Congress youth wing takes charge to bridge voter-party gap in Punjab - Firstpost
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Congress youth wing takes charge to bridge voter-party gap in Punjab

New Delhi: The Congress is taking a leaf out of the AAP’s book in Punjab for its electoral campaign for the Punjab Assembly polls 2017. It has embarked on a massive mass contact campaign programme to connect to the voters, especially the youth. A similar approach had ensured an unprecedented victory for the AAP in the Delhi assembly election in 2015.

Bridging the gap. AFP

Bridging the gap. AFP

The Youth Congress has launched its Kuch Suniye, Kuch Sunaiye, Punjab Ko Bachaye campaign under which a young team of around 200 workers is doing interactive sessions with people in different constituencies of the poll-bound state. The team is listening to the complaints and suggestions of general voters besides giving a patient hearing to cadres who had parted ways with the party during the anti-corruption crusade of Anna Hazare and Arvind Kejriwal in 2011.

“The suggestions gathered will be submitted to the AICC (All India Congress Committee), which will give a thought to it and incorporate the important concerns while preparing its manifesto,” Youth Congress spokesman Amrish Ranjan Pandey told Firstpost giving details of the campaign which will be launched in other poll-bond states as well.

“The programme is part of our strategy to reconnect with the youth. It will go on for two-three months and our target is to cover all 117 assembly segments of the state. So far we are getting good response,” he said.

Asked the main issues that have come to the fore from the discussions so far, Pandey said, “Drug addiction is one of the major issues in Punjab. Apart from traditional drugs like smack and opium, pharmaceutical drugs are causing havoc in the state. Synthetic drugs are being sold through medical shops that have mushroomed over the years and have been operating even without a licence. The situation has turned so grave and pathetic that thousands of people turn up in our meetings on a single call. They are looking at the Congress with hope. We do not want to talk of religion or votes, which seem to put people off, especially the youngsters. Other concerns that have been raised by people include fair compensation to farmers, justice to Dalits, corruption and desecration of the Holy Guru Granth Sahib.”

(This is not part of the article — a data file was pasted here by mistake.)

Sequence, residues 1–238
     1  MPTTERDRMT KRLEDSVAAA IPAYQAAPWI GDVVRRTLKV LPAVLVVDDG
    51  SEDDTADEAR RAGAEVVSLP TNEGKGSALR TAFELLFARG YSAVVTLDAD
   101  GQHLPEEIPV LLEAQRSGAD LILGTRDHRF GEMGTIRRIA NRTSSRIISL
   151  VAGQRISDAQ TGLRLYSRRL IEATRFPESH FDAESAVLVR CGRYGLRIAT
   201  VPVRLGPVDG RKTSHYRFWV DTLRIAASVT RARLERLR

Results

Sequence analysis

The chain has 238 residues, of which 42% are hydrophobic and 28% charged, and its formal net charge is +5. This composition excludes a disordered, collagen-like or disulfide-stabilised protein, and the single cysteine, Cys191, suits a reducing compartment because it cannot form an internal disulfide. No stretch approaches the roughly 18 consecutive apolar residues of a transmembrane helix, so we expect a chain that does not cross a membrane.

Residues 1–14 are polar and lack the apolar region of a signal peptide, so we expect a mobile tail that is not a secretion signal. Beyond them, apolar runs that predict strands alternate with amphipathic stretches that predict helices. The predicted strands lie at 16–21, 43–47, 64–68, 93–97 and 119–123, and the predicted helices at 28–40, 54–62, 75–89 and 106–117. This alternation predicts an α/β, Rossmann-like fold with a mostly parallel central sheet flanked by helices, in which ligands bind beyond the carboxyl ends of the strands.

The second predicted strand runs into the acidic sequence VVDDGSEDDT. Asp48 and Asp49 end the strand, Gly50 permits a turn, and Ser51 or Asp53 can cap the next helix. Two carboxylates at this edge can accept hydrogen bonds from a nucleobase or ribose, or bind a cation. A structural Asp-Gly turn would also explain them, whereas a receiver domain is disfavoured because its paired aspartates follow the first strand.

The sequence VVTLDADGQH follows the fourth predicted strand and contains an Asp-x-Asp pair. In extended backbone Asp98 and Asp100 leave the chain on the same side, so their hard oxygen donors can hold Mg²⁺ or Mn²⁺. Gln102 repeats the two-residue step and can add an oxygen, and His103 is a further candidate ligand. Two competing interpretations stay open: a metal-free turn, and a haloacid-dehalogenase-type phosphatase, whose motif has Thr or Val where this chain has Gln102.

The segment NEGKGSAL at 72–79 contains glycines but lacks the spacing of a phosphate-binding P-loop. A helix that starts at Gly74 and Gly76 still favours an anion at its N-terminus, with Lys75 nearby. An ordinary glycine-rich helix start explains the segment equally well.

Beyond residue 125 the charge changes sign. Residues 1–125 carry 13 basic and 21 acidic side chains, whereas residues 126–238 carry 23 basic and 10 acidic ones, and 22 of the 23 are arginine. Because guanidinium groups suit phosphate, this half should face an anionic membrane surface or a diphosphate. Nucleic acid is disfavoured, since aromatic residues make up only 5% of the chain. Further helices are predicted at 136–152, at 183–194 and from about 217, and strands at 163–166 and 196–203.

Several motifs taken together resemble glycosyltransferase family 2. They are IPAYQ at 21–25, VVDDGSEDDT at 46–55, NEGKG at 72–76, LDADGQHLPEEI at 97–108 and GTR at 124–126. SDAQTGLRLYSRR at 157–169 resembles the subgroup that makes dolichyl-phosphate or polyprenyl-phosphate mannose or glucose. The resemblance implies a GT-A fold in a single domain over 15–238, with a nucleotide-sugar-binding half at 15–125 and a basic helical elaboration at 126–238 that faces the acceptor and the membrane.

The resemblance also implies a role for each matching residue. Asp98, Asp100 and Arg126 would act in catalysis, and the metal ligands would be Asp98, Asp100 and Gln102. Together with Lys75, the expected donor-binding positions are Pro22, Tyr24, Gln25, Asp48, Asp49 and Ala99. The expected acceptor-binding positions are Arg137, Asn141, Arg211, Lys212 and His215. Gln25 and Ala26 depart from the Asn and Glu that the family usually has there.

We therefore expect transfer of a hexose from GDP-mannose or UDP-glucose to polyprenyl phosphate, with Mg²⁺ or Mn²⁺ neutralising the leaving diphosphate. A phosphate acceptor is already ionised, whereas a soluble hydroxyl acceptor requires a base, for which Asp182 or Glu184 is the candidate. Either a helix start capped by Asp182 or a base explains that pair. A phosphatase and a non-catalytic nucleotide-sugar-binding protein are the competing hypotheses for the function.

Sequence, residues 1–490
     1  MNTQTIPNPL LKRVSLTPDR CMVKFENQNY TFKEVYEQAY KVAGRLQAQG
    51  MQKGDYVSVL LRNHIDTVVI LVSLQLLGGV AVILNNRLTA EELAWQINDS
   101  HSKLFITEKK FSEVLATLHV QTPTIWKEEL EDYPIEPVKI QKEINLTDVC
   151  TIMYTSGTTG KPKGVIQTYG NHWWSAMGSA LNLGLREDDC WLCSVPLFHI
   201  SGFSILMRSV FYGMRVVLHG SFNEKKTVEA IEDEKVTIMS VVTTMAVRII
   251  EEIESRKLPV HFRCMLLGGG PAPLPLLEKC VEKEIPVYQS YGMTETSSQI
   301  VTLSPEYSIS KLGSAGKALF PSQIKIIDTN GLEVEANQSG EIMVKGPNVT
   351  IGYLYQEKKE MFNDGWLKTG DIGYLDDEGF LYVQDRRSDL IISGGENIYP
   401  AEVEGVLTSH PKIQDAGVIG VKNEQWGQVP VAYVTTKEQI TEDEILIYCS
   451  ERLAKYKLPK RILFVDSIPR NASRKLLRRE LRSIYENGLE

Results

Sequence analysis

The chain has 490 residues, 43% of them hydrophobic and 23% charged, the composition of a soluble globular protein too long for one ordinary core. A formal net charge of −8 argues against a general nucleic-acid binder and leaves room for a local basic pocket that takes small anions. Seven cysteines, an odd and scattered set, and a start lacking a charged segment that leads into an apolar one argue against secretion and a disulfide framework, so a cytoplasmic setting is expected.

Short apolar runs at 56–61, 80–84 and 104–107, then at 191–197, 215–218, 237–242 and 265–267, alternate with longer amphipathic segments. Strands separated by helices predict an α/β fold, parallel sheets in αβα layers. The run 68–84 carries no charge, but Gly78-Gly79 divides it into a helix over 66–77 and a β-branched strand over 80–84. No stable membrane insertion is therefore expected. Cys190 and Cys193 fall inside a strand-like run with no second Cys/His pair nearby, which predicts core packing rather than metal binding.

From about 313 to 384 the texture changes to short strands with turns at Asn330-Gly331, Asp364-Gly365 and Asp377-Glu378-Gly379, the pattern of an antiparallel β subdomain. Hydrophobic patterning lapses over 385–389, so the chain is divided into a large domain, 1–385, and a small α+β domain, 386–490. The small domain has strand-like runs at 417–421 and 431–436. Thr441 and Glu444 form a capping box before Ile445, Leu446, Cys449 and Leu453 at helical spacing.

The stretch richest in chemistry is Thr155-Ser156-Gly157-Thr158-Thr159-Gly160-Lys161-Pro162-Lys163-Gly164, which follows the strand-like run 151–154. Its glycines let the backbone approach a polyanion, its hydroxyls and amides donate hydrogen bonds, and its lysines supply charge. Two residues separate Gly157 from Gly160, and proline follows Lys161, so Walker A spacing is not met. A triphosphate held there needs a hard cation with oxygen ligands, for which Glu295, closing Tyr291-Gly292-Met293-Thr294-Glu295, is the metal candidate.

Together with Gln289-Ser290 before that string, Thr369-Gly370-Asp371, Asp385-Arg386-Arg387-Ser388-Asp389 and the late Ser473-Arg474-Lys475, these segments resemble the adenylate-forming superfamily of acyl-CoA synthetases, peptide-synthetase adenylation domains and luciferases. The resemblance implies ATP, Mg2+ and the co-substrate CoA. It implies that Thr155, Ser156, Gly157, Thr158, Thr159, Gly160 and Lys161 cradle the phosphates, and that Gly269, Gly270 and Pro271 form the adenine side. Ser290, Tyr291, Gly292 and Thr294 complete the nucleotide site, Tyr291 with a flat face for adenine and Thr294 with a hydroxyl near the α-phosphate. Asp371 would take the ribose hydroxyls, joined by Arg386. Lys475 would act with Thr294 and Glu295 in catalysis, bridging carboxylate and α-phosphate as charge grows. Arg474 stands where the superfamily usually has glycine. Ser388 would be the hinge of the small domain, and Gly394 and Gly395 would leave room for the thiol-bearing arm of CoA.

He admitted to trust deficit between the people and the party and said the campaign was aimed at bridging that. “We want to change the perception. This is a new revolution and we do not want to earn discredit by doing anything half-hearted. We will extensively campaign in Punjab and other poll-bound states such as Uttar Pradesh, Assam, West Bengal, Kerala, Tamil Nadu and Puducherry. We are hopeful that it will yield results,” Pandey said.

Asked have they fallen short of new ideas and why are they following the AAP that had gone to people before coming up with their manifesto, the Youth Congress leader said they do not follow anyone. “Youth Congress is the only youth organisation in the world to have over 1.3 crore members. We have always reached out to our voters and cadres,” he claimed.

Asked who he considers is the Congress’ nearest rival in the state, Pandey said, “We do not underestimate our other political opponents, but we have direct fight with the ruling Shiromani Akali Dal (SAD)–Bharatiya Janata Party (BJP) coalition. They are already discredited.”

On AAP’s chances Pandey said: “Punjab is not Delhi. The AAP has no leadership there. Of its four MPs there, two (Dramvira Gandhi and Harinder Singh Khalsa) have parted ways. There is an infighting between MP Bhagwant Mann, state convenor SC Chhotepur, lawyer HS Phoolka for chef ministerial post. They do not have any credible face to declare as CM candidate.”

The entire campaign is being led by Youth Congress President Amrinder Singh Raja Brar who attends all meetings and responds to the queries and complaints raised by the participants. Brar is also a legislator from south-western Punjab's Giddarbaha constituency.


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